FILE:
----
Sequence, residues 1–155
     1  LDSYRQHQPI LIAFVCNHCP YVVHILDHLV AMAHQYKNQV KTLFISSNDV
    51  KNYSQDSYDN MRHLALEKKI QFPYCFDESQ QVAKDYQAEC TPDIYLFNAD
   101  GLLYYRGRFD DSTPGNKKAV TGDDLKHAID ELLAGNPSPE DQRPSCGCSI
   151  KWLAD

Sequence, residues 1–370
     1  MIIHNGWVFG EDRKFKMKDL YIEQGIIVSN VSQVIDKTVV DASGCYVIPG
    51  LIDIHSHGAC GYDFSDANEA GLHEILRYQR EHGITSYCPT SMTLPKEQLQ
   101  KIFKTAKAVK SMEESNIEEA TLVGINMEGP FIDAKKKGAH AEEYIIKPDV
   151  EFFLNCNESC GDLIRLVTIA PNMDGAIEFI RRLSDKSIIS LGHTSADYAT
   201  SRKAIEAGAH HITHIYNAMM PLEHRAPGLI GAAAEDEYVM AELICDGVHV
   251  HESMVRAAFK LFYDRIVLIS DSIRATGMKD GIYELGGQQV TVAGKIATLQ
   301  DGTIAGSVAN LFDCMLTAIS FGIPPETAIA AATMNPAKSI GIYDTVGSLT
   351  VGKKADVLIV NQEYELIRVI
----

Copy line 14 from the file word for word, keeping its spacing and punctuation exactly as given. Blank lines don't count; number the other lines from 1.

   351  VGKKADVLIV NQEYELIRVI